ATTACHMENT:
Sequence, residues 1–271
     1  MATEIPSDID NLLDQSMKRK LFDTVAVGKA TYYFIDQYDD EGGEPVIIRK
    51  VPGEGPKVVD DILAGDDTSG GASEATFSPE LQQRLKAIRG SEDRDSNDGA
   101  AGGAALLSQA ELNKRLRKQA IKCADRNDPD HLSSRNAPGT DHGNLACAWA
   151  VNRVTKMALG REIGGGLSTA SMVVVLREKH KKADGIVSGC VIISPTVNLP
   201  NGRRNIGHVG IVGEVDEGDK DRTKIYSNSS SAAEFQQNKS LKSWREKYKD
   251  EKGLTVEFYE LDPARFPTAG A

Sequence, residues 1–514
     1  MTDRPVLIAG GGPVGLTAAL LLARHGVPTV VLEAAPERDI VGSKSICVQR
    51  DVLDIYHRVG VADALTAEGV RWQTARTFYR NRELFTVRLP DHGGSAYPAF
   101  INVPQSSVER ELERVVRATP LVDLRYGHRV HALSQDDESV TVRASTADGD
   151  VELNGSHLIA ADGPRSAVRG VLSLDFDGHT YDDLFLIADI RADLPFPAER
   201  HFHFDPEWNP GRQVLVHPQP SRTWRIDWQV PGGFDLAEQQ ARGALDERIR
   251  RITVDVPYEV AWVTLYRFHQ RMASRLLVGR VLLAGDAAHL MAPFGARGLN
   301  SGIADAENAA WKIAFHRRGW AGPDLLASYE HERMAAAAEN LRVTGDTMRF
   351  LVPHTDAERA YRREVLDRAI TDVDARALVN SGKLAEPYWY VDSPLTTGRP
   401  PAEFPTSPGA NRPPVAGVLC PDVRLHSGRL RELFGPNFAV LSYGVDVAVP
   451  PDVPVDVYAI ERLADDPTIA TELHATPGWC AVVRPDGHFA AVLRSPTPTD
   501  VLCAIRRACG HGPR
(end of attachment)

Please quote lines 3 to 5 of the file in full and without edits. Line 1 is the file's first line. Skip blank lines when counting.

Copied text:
    51  VPGEGPKVVD DILAGDDTSG GASEATFSPE LQQRLKAIRG SEDRDSNDGA
   101  AGGAALLSQA ELNKRLRKQA IKCADRNDPD HLSSRNAPGT DHGNLACAWA
   151  VNRVTKMALG REIGGGLSTA SMVVVLREKH KKADGIVSGC VIISPTVNLP